The crypto challenges facing London’s divorce courts
Caroline Park examines the issues the divorce courts will face when dealing with digital assets
In the next few years, the traditional approach in the family courts when determining divorce judgments could be radically shaken up. Millennials, those born into a generation largely defined by dramatic and sometimes disruptive technological change, will become the dominant parties as they reach their mid-40s. As recently released figures reveal, the average age for divorce in England and Wales is now 45 years old, no doubt an unwelcome statistic for some of those born in the 1980s and 90s. For the courts, however, the looming reality of that milestone is one which needs to be addressed.
This generation will be the first for whom digital assets, particularly in the form of cryptocurrency, represent a significant proportion of their investment portfolios. In order to accurately assess an individual’s overall wealth, it will be vital that judges and lawyers have at their disposal the tools to grapple with crypto’s fickle and at times elusive actual value.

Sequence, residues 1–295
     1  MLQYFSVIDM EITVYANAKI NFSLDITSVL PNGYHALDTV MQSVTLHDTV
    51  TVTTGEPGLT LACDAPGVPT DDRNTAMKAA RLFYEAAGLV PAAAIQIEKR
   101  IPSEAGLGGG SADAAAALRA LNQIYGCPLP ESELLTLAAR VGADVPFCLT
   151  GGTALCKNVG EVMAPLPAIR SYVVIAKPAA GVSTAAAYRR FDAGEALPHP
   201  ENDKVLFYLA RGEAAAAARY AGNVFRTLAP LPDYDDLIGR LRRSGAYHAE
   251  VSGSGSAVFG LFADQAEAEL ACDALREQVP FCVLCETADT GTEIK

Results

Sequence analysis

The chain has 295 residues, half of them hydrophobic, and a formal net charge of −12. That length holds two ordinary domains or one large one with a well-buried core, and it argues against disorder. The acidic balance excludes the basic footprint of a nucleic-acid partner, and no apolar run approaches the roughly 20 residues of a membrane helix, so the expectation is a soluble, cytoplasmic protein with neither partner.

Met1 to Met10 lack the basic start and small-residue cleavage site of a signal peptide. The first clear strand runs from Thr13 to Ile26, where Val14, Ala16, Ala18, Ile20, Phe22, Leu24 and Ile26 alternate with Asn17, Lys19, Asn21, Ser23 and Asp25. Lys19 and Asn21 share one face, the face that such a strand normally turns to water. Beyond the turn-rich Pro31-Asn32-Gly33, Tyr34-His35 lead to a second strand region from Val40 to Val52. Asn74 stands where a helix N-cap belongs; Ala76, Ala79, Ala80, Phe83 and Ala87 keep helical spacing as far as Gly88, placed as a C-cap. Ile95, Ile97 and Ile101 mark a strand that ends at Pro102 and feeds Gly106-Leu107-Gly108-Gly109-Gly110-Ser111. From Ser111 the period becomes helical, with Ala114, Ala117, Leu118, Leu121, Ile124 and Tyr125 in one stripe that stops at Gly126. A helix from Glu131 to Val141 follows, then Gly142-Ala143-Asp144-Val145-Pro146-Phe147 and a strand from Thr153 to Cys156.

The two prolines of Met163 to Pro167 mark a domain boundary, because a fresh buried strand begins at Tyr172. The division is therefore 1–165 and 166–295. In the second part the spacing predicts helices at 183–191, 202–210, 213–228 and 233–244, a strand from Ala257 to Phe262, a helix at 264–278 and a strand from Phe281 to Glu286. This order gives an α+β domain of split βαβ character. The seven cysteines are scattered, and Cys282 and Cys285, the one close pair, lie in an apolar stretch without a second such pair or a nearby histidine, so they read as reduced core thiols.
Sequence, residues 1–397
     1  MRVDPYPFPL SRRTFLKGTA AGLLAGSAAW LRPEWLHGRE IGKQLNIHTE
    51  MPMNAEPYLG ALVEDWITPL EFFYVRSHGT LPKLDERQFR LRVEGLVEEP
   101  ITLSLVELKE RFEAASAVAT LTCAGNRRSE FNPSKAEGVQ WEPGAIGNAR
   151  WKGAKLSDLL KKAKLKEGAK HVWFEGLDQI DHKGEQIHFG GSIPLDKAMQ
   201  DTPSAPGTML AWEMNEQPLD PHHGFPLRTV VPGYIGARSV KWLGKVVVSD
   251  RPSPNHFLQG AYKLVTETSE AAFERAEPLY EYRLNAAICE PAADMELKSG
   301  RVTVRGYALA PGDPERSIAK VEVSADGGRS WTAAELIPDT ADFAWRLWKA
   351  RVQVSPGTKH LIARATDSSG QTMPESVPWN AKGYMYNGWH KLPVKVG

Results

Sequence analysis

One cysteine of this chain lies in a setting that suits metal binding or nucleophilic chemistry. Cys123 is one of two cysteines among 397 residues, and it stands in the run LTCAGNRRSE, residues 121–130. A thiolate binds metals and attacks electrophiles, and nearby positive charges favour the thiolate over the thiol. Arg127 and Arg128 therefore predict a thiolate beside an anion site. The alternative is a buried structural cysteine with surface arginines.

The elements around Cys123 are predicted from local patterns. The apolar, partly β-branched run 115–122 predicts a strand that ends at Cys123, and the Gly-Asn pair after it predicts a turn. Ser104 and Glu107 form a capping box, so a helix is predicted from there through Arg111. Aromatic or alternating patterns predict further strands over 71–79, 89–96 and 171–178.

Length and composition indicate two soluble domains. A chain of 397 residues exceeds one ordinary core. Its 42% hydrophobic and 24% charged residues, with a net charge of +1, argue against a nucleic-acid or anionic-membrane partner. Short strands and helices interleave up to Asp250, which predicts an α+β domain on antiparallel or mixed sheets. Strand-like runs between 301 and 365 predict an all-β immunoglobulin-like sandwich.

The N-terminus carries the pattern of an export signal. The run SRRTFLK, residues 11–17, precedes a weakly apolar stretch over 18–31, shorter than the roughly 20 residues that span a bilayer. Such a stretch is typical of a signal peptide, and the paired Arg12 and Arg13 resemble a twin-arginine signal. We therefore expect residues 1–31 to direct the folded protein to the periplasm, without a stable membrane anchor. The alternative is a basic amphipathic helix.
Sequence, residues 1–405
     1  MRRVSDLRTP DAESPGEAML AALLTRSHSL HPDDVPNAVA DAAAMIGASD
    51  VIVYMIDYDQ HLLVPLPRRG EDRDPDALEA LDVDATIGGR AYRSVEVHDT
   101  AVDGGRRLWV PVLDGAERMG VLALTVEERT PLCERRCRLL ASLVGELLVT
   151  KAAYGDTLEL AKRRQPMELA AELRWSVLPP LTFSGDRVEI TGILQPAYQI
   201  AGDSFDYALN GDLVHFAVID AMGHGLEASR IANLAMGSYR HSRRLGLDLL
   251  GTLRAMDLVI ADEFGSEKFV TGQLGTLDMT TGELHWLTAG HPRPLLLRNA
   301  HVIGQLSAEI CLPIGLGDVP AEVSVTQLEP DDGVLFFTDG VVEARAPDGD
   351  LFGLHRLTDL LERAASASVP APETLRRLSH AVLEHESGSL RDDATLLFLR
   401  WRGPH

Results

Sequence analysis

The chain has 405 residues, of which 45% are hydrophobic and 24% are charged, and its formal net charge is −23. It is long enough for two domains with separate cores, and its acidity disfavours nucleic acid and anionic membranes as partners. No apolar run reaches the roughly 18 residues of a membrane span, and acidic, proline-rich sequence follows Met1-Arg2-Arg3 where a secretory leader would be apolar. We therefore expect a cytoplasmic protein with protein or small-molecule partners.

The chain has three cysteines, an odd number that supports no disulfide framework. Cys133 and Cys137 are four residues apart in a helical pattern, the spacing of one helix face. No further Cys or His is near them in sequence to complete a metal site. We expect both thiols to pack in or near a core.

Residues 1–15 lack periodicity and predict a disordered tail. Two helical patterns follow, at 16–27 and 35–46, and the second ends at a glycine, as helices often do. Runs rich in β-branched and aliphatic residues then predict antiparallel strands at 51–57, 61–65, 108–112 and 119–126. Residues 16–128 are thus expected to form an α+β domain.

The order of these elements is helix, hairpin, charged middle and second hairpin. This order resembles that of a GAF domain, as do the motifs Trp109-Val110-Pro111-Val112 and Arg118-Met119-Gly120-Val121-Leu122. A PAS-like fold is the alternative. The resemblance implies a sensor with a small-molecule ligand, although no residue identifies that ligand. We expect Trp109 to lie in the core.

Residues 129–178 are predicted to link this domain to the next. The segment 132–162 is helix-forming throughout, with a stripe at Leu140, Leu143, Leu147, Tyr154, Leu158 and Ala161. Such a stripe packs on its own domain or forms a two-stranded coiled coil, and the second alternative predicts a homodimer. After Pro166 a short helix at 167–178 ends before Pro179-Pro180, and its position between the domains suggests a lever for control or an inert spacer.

Crypto is undoubtedly a thorny financial commodity to analyse, a phenomenon that only entered mainstream consciousness within the last decade and which needs to be dealt with in an innovative way.
As has been the case since crypto’s earliest days, investors in the newest form of currency remain disproportionally represented by the younger generations. The transfer of wealth from baby boomers to Generation X and through to millennials - sometimes referred to as Generation Y - is a trend which will inevitably accelerate as they reach the peak of their earning powers. London’s busy divorce courts will, therefore, need to move with the times, to ensure that the growing millennial cohort does not lose out when crypto is part of the divorce settlement.